How to treat eczema

FM Team | 04/11/2014

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How to treat  eczema

Eczema also known as atopic dermatitis is a type of chronic skin inflammation. People with eczema have dry, irritable skin, and itching contributes to skin changes. Eczema is treated by avoiding irritants to the skin and using moisturisers, medicated ointments or creams

Avoid irritants, allergens

It’s important to try to avoid anything that tends to aggravate your eczema. Common environmental irritants include soaps, bubble baths, shampoos, solvents, wool, nylon, grass and sand. Pollens, house dust mites, animal dander (small scales from the skin and hair of animals) or even certain foods can also aggravate eczema if you are allergic to them.

Overheating that can also make your eczema worse should be minimised. Always bathe in warm, rather than hot water. In winter, turn down the heater and don’t use an electric blanket. Air-conditioning and fans are helpful during summer.

Soap substitutes

Normal soap is alkaline and can further dry out your skin. Soap and detergent-based shampoos should be avoided, and instead soap and shampoo substitutes should be used.

Bath oils (e.g. Alpha Keri bath oil, DermaVeen shower and bath oil and   QV bath oil) can also be helpful, but you should be careful as they make the bath slippery. Bath oils can also be used if you prefer to shower- spray the oil onto wet skin immediately after the shower and then lightly dry the skin with a towel. Shorter or less frequent baths/showers can also help treat dry skin.

Moisturisers or emollients

Moisturising your skin is one of the easiest and most important measures in preventing itching and scratching, as well as reducing eczema flare-ups. As eczema is a chronic condition, it is important to incorporate regular moisturising into your daily skin care routine. Be careful to avoid moisturisers that contain perfumes and preservatives which can irritate the skin.

Moisturisers should be applied frequently for very dry skin at least twice a day all over the skin. Ointments tend to be more effective than creams or lotions for very dry skin. It’s best to apply the moisturiser or emollient straight after a shower or bath to help seal in the moisture from bathing.

Wet dressings

Wet dressings help to relieve eczema symptoms in some people. Wet dressings are often used in severe flare-up of eczema, generally for a few days. Keep wet dressings for around 15 minutes, 3 to 4 times a day.


Creams or ointments containing corticosteroid are commonly used for exacerbations of eczema. It relieves itching by reducing inflammation in the skin and is very effective and safe.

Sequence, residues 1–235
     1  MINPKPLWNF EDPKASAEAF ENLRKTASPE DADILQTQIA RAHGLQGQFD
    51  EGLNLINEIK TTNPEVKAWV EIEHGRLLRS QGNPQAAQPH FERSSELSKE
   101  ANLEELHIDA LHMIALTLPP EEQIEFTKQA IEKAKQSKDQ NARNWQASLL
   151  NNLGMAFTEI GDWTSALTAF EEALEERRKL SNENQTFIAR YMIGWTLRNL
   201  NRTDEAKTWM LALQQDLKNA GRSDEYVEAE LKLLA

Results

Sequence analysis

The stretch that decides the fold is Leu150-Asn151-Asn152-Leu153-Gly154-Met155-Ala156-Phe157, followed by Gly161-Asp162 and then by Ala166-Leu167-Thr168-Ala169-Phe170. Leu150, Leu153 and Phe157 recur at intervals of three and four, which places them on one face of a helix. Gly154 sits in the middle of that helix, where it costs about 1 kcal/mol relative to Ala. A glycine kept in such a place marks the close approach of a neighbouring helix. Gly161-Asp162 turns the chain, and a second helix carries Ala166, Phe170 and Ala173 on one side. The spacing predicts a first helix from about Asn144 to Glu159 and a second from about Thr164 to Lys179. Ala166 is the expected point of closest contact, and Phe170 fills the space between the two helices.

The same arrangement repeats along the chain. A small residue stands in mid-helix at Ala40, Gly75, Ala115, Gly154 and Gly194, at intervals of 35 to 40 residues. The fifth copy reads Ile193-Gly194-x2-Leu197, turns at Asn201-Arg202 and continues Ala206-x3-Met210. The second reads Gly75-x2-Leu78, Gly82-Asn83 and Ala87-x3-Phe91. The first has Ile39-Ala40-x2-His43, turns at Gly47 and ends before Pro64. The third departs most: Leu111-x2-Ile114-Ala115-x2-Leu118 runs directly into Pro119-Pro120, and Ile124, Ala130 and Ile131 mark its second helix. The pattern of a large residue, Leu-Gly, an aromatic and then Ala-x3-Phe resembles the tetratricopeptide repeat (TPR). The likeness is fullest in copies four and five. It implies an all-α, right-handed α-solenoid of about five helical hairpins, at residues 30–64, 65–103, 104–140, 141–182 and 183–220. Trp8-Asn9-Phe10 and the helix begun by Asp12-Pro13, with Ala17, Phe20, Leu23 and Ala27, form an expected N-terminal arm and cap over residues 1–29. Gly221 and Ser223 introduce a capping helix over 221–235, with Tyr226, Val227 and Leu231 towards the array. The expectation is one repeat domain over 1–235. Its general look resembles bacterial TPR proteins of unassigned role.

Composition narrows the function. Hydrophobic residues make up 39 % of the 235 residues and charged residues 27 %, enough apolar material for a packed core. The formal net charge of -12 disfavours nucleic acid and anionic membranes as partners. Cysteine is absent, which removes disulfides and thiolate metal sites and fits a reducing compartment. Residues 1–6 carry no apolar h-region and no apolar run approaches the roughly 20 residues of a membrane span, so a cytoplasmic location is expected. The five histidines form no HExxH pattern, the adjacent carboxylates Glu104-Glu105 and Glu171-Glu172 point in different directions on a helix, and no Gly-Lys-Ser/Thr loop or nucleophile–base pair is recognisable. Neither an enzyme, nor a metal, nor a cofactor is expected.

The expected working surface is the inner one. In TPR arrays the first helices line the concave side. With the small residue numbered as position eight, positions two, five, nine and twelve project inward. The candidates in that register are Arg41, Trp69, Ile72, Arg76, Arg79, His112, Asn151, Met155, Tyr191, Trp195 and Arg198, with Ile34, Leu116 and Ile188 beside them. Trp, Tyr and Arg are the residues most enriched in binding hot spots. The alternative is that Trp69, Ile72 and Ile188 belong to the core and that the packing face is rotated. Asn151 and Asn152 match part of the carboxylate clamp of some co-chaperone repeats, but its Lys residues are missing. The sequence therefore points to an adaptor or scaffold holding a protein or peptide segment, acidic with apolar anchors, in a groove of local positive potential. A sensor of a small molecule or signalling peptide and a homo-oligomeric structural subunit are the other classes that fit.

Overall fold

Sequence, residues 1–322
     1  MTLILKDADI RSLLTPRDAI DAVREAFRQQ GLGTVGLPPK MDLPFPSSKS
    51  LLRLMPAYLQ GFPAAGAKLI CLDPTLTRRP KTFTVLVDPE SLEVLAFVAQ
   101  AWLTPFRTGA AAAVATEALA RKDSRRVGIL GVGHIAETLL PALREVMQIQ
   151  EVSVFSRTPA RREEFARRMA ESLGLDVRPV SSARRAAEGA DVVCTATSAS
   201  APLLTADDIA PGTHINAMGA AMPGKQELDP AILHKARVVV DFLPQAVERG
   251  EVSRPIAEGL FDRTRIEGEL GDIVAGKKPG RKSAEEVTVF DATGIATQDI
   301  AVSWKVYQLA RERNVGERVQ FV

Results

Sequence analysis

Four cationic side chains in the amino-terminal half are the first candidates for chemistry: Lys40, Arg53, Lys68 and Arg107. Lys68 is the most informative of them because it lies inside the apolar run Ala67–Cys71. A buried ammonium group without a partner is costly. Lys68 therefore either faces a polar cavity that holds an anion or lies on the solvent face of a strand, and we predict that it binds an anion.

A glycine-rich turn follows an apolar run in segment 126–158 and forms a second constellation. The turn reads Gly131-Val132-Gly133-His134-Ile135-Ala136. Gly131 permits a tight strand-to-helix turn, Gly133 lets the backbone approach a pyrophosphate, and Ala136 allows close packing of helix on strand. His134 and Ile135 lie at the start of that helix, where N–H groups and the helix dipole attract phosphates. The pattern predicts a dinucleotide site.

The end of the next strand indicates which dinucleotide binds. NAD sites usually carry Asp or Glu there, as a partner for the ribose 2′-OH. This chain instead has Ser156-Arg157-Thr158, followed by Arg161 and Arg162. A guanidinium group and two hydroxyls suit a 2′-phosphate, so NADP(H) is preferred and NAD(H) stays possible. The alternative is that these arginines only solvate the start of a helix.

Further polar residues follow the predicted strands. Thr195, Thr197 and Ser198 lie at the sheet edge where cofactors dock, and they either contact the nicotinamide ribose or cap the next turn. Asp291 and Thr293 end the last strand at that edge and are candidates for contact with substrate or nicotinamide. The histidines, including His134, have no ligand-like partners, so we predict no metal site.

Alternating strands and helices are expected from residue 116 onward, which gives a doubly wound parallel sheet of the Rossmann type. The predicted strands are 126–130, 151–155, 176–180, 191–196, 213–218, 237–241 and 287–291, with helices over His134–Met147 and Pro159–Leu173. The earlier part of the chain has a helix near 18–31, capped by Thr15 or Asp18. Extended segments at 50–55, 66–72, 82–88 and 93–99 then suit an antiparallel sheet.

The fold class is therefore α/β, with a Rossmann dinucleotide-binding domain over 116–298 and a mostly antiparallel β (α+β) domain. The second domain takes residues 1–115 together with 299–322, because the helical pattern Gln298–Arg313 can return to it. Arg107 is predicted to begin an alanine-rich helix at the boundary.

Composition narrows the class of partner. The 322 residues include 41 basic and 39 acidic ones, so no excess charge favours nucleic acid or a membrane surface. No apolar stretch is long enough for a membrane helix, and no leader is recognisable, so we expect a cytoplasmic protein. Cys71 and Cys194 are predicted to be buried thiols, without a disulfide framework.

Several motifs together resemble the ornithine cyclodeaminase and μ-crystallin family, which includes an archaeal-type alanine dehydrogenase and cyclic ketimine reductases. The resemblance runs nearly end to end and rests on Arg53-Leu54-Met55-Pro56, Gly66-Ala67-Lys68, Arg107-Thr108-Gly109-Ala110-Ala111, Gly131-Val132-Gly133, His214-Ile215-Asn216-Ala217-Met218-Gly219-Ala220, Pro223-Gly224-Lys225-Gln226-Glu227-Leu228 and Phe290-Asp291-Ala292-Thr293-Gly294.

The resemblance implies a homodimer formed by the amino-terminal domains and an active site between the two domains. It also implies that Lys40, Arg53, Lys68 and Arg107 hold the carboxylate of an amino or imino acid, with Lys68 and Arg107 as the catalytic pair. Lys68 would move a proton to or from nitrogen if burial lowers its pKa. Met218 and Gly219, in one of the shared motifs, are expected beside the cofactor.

Using high-strength steroid creams over long periods is associated with local side-effects such as thinning skin, stretch marks and dilated blood vessels. So, you should use the lowest strength and smallest amount that works adequately. Facial skin is particularly susceptible to steroid side-effects.


Immunomodulators such as pimecrolimus cream (brand name Elidel) can be used in the treatment of eczema. They control inflammation and can be used to treat eczema symptoms and reduce exacerbations if a steroid cream cannot be used. However, because of concerns over cancers of the lymphatic system and skin, pimecrolimus is not recommended for long-term continuous use.

Antibiotics and antiseptics

It is fairly common for skin that is affected by eczema to be susceptible to infection. If infection occurs, your doctor may prescribe antibiotic cream or tablets to treat the infection. Tablets are usually prescribed because they are more effective than creams. Adding antiseptic solution to your bath water can prevent and treat skin infections, but make sure that the concentration of antiseptic is not too high as it may irritate the skin.


Sedating antihistamines (antihistamines make you drowsy) may be used to relieve itching that is disrupting sleep. Their benefit is mainly due to the sedating effect. They rarely completely suppress itch so they should be taken at night. Oatmeal bath additives and pine tar preparations may also help to relieve itchy skin.

Nutritional supplements

Supplements such as evening primrose oil, fish oil and borage oil have been touted as possible treatments for eczema symptoms. However, there is a lack of evidence from patient studies to show that nutritional supplements are effective in treating eczema. There is also no scientific proof that vitamin or mineral supplements are effective treatments for eczema.


Treatment for chronic, severe eczema

Tablets that suppress your immune system can be tried if you have severe eczema. These medicines have some potentially serious side-effects and are only available for adults on prescription from a specialist. They are usually used only when other treatments have failed. 

Phototherapy using ultraviolet light is another form of treatment for chronic, severe eczema. Phototherapy involves controlled exposure to ultraviolet light for a few minutes, 2-3 times a week. This treatment is expensive as well as time-consuming, and can have possible long-term side-effects, including premature skin ageing and skin cancer.


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